Power Imbalance at the Pipeline Protest

ACTIVISM, 28 Nov 2016

The New York Times | Editorial – TRANSCEND Media Service

Police used tear gas on demonstrators opposed to the Dakota Access oil pipeline in North Dakota, on Sunday. Credit Stephanie Keith/Reuters

Police used tear gas on demonstrators opposed to the Dakota Access oil pipeline in North Dakota, on Sunday.
Credit Stephanie Keith/Reuters

23 Nov 2016 – When injustice aligns with cruelty, and heavy weaponry is involved, the results can be shameful and bloody. Witness what happened on Sunday [20 Nov] in North Dakota, when law enforcement officers escalated their tactics against unarmed American Indians and allies who have waged months of protests against the Dakota Access oil pipeline.

They drenched protesters with water cannons on a frigid night, with temperatures in the 20s. According to protesters and news accounts, the officers also fired rubber bullets, pepper spray, percussion grenades and tear gas. More than 160 people were reportedly injured, with one protester’s arm damaged so badly she might lose it.

The confrontation happened at Backwater Bridge, on a highway linking the Standing Rock Sioux Reservation and Bismarck, N.D. Burned-out trucks and a police barricade have made the bridge impassable. Protesters say this is a needless threat to public safety — forcing emergency vehicles to detour about 20 miles — as well as a spiteful attempt to keep them away from the pipeline construction site. The violence erupted after some of the protesters tried to remove the truck carcasses on Sunday.

“We’re just not going to let people or protesters in large groups come in and threaten officers, that’s not happening,” said the Morton County sheriff, Kyle Kirchmeier. The Sheriff’s Department’s Facebook page linked to a video of the armed and armored officers, the water cannon drenching the crowd, and a rock flying overhead.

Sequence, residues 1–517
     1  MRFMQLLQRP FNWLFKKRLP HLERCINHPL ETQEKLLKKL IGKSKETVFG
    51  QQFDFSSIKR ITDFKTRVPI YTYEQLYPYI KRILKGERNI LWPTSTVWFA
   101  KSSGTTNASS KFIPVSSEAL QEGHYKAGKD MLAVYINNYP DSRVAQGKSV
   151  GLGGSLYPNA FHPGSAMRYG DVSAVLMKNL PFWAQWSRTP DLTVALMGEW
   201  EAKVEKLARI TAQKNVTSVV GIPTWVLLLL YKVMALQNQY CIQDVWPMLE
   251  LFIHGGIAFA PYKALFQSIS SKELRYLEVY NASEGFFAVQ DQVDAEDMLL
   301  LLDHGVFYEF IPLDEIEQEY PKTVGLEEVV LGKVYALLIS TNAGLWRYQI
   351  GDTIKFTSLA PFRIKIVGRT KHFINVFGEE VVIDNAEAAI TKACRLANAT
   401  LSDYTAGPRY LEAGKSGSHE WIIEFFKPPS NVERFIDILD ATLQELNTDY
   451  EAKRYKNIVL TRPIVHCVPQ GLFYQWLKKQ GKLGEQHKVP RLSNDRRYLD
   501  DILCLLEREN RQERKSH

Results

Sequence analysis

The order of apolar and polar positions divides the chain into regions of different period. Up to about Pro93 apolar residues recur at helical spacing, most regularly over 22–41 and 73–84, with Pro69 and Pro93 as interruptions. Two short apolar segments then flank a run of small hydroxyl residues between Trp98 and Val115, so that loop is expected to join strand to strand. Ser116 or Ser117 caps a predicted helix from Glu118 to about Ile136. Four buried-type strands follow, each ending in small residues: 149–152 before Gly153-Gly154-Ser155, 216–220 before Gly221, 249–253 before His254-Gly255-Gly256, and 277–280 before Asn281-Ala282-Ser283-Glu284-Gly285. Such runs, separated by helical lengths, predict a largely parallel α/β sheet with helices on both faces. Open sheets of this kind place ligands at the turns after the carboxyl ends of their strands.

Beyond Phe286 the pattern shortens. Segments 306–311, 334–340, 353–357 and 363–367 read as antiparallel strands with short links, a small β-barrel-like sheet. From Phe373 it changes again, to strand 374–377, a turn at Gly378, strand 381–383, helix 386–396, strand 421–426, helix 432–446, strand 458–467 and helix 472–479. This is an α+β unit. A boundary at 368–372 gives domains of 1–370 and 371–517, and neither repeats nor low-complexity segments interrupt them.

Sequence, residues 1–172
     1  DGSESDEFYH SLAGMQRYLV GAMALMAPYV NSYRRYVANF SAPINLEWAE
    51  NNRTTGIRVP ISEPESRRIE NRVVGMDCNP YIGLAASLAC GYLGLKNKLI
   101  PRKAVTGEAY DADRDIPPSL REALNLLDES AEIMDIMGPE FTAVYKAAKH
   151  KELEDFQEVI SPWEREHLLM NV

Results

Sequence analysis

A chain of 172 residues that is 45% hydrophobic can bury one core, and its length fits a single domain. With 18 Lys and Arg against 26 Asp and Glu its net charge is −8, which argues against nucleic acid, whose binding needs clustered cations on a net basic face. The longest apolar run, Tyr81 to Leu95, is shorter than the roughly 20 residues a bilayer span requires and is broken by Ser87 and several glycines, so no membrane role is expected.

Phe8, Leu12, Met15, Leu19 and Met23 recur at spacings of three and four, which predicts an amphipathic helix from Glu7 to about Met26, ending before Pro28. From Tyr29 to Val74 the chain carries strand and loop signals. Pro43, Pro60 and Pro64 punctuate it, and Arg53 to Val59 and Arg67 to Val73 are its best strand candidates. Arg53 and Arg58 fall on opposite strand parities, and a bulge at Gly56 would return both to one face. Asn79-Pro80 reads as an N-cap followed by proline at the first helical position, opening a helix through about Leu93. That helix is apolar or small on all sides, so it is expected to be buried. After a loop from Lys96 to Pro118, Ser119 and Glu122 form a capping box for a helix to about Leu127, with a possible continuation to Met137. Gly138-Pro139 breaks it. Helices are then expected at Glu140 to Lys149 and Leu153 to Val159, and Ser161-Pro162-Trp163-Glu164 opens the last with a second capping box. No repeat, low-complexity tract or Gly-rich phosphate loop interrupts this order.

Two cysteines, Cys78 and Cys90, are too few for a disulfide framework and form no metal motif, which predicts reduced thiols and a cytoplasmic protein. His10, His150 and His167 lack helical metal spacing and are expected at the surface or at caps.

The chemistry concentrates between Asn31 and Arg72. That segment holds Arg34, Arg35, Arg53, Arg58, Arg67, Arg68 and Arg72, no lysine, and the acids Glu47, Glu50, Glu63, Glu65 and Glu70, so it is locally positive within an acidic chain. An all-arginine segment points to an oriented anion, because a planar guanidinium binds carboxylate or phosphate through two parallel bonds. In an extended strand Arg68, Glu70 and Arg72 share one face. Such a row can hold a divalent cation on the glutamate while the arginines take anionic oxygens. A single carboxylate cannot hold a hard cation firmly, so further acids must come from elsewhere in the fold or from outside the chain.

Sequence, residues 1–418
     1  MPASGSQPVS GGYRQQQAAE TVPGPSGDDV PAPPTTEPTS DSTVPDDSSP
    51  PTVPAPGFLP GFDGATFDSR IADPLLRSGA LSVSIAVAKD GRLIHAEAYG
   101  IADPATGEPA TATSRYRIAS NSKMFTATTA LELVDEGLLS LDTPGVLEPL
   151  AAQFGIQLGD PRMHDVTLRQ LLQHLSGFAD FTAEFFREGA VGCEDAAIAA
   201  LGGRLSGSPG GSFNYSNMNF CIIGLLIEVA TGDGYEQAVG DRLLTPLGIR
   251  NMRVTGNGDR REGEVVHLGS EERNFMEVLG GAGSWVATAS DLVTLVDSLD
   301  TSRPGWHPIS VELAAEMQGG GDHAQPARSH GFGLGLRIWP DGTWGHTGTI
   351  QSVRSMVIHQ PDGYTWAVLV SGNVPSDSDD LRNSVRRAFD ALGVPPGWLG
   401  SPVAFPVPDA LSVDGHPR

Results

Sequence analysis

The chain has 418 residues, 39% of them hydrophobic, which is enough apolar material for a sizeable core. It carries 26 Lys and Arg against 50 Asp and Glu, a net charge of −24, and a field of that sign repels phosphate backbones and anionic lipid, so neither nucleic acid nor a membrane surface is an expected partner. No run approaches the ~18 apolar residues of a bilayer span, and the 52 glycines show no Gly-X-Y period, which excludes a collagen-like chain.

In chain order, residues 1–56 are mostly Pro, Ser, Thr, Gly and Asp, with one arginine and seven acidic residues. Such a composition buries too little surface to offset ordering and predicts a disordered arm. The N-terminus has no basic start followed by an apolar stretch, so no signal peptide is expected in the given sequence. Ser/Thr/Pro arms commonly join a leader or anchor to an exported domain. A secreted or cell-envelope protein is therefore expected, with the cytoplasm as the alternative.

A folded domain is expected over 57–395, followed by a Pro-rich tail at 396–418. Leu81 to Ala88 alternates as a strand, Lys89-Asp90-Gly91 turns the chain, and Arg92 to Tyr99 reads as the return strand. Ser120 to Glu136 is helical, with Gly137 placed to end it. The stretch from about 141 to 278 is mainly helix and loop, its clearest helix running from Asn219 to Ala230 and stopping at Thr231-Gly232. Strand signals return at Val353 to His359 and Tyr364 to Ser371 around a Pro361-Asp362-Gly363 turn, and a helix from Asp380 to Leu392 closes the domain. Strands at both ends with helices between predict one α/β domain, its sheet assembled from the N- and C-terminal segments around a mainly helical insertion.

The pipeline, all but built, is meant to ship crude oil from North Dakota to Illinois. Built almost entirely on private property, the pipeline crosses ancestral lands of the Standing Rock Sioux, passing less than a mile from the tribal reservation. Tribe members fear contamination of their drinking water and damage to sacred sites. They are trying to persuade the federal government to deny permits allowing the pipeline to cross the Missouri River near their reservation.

The department’s video was meant to portray the protesters as dangerous troublemakers, but the photos and videos in news reports suggest a more familiar story — an imbalance of power, where law enforcement fiercely defends property rights against protesters’ claims of environmental protection and the rights of indigenous people. American Indians have seen this sort of drama unfold for centuries — native demands meeting brute force against a backdrop of folly — in this case, the pursuit of fossil fuels at a time of sagging oil demand and global climatic peril.

The Army Corps of Engineers has called for more study and input from the tribe before it decides on whether to grant a permit. The pipeline company has asked a federal judge to give it the right to proceed with its plan to lay pipe under the river. There is no firm timeline for either decision.

In the meantime, President Obama could step in to protect everyone’s safety and pressure the sheriff’s officers to stand down. Barring that, resolute protesters, a heavily militarized police force unwilling to budge, a company that refuses to consider an alternate route and an onrushing Great Plains winter — how can this possibly end well?

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A version of this editorial appears in print on November 23, 2016, on page A26 of the New York edition with the headline: Power Imbalance at the Pipeline Protest.

Go to Original – nytimes.com

 

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